TalkinPeace Thu 06-Mar-14 11:49:50

Jewish Girls school

such schools have no place in state funding
and Ofqual and the Dfe are disgraceful in pandering to them

RafaIsTheKingOfClay Thu 06-Mar-14 12:01:22

I'm not sure whether you are ill informed, deluded or just having a laugh about Grey Coats not being selective. but you have just made me laugh out loud. It's horrendously selective witha heavy bias towards a certain type of parent. In fact I'm pretty sure it's just been rapped over the knuckles for its selective admissions criteria breaching the admission code.

Everhopeful Thu 06-Mar-14 12:40:34

Hi Clavinova and Rafa - perhaps I have missed something. Yes, I did indeed say that and was under the impression they'd been rapped for the antique faith points system they use, sooner than for selecting academically. The fair banding system's been criticised here before, but several of the competition use it too and no one has questioned them about it. TBH it would be nice to feel greater pride in her achievement for getting in if I did think that! However, that wasn't the primary driver - Croydon borough is very light on single sex schools unless you're a Catholic and that's what DD wanted. We liked GCH better than the only other option.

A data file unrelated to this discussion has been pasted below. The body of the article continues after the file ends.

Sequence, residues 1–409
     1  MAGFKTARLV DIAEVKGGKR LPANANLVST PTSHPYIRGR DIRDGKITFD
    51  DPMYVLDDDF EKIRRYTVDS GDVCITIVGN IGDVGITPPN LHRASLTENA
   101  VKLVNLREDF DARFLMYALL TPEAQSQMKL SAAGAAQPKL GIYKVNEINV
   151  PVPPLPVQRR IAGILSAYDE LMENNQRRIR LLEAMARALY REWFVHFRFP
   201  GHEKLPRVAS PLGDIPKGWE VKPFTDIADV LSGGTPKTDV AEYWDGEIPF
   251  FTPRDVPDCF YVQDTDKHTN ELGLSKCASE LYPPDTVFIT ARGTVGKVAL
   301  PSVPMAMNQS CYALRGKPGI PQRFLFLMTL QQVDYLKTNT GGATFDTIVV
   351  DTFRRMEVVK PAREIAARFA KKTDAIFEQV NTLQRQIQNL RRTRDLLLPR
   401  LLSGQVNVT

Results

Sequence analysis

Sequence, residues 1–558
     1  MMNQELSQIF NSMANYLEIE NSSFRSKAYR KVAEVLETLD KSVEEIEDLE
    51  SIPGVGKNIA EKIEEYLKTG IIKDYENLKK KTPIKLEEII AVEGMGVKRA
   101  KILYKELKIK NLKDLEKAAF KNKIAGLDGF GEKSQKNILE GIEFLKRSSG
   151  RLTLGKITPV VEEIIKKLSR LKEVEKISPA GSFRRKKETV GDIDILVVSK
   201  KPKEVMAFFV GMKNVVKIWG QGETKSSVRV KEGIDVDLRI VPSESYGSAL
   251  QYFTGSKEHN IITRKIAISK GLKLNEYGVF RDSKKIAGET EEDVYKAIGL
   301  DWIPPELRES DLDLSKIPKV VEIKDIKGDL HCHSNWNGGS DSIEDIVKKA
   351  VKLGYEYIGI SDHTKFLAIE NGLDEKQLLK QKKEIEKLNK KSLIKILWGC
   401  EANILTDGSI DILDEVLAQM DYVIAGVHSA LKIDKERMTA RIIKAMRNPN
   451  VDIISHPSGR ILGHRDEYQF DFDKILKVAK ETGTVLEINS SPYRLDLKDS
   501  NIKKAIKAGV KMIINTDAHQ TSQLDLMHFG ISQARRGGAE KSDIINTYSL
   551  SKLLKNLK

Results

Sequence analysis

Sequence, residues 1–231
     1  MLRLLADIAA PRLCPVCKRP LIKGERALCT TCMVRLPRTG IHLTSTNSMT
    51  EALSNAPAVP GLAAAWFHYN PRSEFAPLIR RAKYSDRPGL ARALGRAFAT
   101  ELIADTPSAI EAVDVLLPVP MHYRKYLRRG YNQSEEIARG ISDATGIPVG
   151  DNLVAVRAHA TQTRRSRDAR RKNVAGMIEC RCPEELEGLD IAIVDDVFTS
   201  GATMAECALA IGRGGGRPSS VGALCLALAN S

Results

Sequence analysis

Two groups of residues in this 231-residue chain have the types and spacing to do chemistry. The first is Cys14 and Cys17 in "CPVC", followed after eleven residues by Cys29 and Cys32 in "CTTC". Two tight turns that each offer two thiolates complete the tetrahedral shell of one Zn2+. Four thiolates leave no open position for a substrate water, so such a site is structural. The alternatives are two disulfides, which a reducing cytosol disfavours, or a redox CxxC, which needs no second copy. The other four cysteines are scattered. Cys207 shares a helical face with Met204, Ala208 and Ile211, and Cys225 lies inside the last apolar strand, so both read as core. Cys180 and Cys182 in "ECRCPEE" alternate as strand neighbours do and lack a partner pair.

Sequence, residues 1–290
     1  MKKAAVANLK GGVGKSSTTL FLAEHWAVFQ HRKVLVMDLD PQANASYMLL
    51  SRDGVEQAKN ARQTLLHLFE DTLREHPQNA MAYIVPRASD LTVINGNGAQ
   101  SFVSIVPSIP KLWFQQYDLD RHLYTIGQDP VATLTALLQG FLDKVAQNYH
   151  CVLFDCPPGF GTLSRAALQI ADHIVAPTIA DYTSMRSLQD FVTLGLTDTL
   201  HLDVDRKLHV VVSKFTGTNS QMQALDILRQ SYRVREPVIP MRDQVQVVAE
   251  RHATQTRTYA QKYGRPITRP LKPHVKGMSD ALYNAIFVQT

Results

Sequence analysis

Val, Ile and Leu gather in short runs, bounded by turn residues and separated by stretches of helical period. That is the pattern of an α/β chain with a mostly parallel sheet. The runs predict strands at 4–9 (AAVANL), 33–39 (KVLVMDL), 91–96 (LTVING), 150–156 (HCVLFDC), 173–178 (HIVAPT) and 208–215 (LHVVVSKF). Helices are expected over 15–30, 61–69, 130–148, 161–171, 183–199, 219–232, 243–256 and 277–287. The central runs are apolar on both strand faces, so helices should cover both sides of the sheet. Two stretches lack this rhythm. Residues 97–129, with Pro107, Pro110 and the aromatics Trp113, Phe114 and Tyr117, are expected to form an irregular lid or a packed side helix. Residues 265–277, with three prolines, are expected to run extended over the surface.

Glad I made you laugh, even if it wasn't intentional! Enjoy the sun!

RafaIsTheKingOfClay Thu 06-Mar-14 17:47:54

God I've justread that back and it sounded far arsier than I intended. Sorry.

It's not necessarily 'academic' selection. It's more that the criteria tend to favour motivated, driven parents with high academic expectations of their children. This feeds down into the children and is probably the most likely cause of the hard-working, conscientious, considerate citizens you describe. I'm not saying the school don't have a role in that but I think the demographics of year 7 going in to the school are likely to be very different to the year 7 going into other comprehensives. Which might account for much of the difference in exam results.

Whathaveiforgottentoday Thu 06-Mar-14 17:48:06

I was disgusted that OCR (and therefore Ofqual) are allowing this to happen. Absolutely appalling.

creamteas Thu 06-Mar-14 18:36:32

I really hope that the DoE/Ofqual stop this.

This will probably mean that some subjects get taken off the curriculum altogether though.

There is a private christian school near me which refuses to teach evolution. They also do not allow any internet access. So no biology or IT/computer science qualifications are possible.

Whathaveiforgottentoday Thu 06-Mar-14 19:24:20

I think this should be against the law. If they're faith is so strong, why are they worried about the students reading alternative theories. Surely, if they are so sure they are right, it shouldn't affect them.

I've taught plenty of students who 'don't believe' in evolution and they've never had a problem.